Legislative Council: Wednesday, September 27, 2023


Independent Commission Against Corruption

The Hon. F. PANGALLO (15:32): I want to address the extraordinary rant levelled at unnamed media and unnamed parliamentarians by ICAC Commissioner Vanstone KC in her response to the inspector's review of Mr John Hanlon. She presents a perfunctory defence for the institution while admitting its mistakes in the bungled investigation and prosecution. She accepts criticisms levelled by the inspector but then takes a backhanded swipe at what she labels 'ill-informed criticisms and falsehoods' in the media and to the Select Committee on Damage, Harm or Adverse Outcomes Resulting from ICAC Investigations on 21 August, where I asked almost all the questions of Inspector Philip Strickland KC.

She does not name the media outlets or name the individuals in the parliament who have conducted this false narrative. As everyone in this place would know, as does Ms Vanstone, I am the parliamentarian who has been consistently outspoken about ICAC investigations. I can only conclude that I am the prime individual she is talking about who is spreading lies and misinformation. My motivation has, and will continue to be, exposing and advocating miscarriages of justice and sometimes that leads you to the most sensitive and guarded echelons of our institutions, which may find that intrusion uncomfortable.

I make no apologies for trying to pursue truth and justice. Getting there is not easy nor perfect. Since she took office, the commissioner has attacked me publicly, in parliament, in correspondence and through committee hearings here and in Canberra. However, much of what has happened resulting in ICAC having to clean up its act would not have been possible had I not raised it in parliament.

On 10 December 2020, Commissioner Vanstone came breathing fire and brimstone to a meeting of the Crime and Public Integrity Policy Committee, which I chaired. She expressed her dissatisfaction with the establishing of the other committee and said she was not afraid of examination or scrutiny. Let me quote her directly from Hansard:

I confess that I am perplexed at this initiative, absolutely perplexed. I ask myself: what is the point of this? Anyone reading the transcript of Hansard might infer that ICAC operates outside a regulatory framework and acts like cowboys and neither of those things is true in the least. Nothing could be further from the truth.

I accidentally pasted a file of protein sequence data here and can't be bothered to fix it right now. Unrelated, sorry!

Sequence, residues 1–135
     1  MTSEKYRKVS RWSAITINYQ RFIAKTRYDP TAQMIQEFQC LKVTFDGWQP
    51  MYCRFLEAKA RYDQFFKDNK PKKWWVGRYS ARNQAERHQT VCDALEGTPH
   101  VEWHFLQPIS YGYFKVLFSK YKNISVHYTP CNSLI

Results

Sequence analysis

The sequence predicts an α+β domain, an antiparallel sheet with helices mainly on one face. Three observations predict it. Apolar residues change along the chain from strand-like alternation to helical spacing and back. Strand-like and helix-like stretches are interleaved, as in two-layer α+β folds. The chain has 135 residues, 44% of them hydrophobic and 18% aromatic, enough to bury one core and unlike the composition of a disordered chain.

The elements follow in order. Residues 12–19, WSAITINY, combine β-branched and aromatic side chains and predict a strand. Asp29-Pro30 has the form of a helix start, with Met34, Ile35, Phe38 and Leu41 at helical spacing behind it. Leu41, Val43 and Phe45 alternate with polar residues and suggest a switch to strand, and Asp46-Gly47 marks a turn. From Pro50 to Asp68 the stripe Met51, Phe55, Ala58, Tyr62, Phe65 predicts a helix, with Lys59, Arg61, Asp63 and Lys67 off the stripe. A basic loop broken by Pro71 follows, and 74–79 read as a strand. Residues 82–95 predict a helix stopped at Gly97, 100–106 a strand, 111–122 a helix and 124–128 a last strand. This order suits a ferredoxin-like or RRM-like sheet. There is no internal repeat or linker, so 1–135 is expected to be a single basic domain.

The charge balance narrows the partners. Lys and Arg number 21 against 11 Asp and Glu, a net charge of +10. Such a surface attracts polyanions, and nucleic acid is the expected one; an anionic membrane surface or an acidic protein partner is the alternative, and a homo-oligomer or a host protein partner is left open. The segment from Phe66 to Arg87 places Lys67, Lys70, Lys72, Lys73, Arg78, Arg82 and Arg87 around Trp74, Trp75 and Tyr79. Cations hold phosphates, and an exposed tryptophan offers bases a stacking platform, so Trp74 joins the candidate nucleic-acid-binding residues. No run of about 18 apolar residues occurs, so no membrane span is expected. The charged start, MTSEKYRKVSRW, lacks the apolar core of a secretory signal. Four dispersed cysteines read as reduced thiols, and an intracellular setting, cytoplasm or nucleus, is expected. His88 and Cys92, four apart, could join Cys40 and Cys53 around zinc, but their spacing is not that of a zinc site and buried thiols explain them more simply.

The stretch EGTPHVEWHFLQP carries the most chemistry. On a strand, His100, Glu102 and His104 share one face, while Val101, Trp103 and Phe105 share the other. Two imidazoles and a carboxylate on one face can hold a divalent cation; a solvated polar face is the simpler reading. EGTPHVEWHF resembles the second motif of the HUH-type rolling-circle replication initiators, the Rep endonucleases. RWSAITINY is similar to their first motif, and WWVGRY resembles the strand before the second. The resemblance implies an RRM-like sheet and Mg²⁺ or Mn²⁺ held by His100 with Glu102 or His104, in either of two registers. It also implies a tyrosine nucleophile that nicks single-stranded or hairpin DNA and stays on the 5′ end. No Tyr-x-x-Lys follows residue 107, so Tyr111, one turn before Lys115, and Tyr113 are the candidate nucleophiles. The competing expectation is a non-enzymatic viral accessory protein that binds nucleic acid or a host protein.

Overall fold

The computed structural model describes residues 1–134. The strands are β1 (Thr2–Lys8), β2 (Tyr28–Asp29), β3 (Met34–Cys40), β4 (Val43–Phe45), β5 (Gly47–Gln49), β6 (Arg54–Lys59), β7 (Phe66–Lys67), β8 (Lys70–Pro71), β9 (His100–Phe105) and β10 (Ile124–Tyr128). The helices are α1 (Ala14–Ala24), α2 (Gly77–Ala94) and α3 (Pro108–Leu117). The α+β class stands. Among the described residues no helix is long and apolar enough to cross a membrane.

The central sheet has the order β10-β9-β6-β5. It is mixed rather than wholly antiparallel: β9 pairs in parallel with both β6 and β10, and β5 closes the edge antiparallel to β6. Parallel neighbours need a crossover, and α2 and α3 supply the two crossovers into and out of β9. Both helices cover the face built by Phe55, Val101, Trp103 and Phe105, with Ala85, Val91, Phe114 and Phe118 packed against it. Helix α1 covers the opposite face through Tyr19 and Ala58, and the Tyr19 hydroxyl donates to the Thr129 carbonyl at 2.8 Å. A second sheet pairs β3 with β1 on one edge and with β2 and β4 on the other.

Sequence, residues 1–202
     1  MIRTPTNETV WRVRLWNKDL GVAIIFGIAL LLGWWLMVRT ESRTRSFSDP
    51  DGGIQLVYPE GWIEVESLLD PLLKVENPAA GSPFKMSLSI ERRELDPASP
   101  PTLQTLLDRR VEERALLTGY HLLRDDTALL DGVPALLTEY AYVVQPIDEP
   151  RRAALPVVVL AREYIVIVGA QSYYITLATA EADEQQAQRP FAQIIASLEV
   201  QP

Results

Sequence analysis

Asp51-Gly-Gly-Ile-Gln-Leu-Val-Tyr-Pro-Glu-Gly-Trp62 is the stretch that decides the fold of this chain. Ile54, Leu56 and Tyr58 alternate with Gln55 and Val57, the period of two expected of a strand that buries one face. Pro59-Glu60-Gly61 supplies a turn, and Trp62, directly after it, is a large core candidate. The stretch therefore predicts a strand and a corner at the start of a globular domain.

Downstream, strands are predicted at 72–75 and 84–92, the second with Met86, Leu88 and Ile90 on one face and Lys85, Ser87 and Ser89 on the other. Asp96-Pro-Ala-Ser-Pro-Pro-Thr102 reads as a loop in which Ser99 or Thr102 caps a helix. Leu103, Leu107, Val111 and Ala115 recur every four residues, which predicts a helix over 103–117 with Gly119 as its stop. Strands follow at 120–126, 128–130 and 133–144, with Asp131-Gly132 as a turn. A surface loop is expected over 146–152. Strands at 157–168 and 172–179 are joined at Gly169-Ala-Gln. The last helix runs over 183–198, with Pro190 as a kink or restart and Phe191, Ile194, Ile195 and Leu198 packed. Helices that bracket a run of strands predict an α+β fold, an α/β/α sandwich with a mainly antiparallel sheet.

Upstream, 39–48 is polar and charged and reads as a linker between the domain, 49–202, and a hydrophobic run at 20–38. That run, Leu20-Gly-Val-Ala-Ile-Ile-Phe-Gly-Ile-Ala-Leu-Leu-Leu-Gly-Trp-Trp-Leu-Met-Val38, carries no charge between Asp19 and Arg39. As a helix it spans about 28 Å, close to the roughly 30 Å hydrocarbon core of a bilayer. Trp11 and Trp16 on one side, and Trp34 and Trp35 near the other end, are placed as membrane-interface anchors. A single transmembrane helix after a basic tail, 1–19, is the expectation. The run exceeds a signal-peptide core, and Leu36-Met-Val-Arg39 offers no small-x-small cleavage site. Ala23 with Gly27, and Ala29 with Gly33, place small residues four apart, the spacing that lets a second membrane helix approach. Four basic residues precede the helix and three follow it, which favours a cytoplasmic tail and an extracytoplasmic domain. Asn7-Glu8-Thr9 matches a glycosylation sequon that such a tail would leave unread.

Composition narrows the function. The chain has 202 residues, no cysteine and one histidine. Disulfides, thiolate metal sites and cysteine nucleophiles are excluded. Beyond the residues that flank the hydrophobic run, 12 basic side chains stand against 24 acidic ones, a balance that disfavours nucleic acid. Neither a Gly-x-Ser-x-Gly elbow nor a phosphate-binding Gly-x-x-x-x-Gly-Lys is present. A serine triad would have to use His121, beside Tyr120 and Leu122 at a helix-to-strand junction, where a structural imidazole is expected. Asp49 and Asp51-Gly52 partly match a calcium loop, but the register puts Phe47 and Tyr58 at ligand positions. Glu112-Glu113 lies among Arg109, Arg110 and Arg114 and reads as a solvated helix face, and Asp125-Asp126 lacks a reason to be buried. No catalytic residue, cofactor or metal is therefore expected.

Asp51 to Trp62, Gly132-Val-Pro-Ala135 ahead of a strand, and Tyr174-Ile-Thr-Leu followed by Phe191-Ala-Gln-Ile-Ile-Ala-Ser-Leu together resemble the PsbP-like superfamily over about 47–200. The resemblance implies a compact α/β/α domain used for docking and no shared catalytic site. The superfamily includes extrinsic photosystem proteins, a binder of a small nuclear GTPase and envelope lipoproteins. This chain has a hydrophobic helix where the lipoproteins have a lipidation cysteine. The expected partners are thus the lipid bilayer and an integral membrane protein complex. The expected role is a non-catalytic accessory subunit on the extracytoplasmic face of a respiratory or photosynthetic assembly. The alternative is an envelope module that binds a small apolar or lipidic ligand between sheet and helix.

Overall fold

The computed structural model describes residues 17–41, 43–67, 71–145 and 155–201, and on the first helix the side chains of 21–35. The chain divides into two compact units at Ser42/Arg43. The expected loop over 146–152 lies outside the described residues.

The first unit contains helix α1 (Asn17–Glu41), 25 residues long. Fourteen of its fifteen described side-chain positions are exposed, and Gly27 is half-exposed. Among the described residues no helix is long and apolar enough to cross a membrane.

Fast forward to September 2023: the truth is that Ms Vanstone now presides over the only integrity agency in the nation to have been judged as behaving badly, unlawfully, unethically and breaching the rule of law and common law in its failure to disclose evidence. In anyone's language, particularly in the justice system with which she is so familiar, failure to disclose is a serious violation, particularly when the state must act as model litigants.

The inspector found impropriety, incompetence and negligence—an integrity agency that lacked integrity. I rest my case. However, what is still totally mystifying is that the inspector, bizarrely, deduced that all this appalling, inexplicable and inexcusable conduct and maladministration, which put at risk the reputation of the Australian and South Australian governments, was institutionalised; that no individual was to blame; not the former ICAC, Mr Lander, who apparently was unaware of the mismanagement and misconduct going on under his nose in their biggest case to date; not the officers who caused the damage; not Ms Vanstone, who had no knowledge of it even though she had been in charge for two years before the Hanlon case fell to bits in November 2022. Nobody was accountable. The mess was all the creation of the institution itself. That defies credulity.

Of course, had it been an ICAC investigation into a government department which found maladministration—like it did with Gillman and Oakden—executive heads would have rolled. We still do not know the circumstances behind the departures of ICAC head of investigations Andrew Baker and his assistant in the Hanlon debacle, Amanda Bridge.

Ms Vanstone also raises concerns about the demonising of whistleblowers, and is probably referring to the former Renewal SA workers who filed the complaint against Mr Hanlon and Ms Vasilevski. From that, do we assume all whistleblowers must be telling the truth? Demonising whistleblowers is both unfair and unhelpful and it has a chilling effect on those who want to speak up, she says. Too right—just tell that to Richard Boyle, David McBride and Julian Assange. And what about me, Madam Acting President? I consider myself a whistleblower here, and I have been demonised too.

Can I point out that Mr Hanlon's defence has yet to be heard by anyone. Only the DPP's prosecutor Carmen Matteo KC saw it, and the case collapsed. I suspect the matter is far from over. Stay tuned.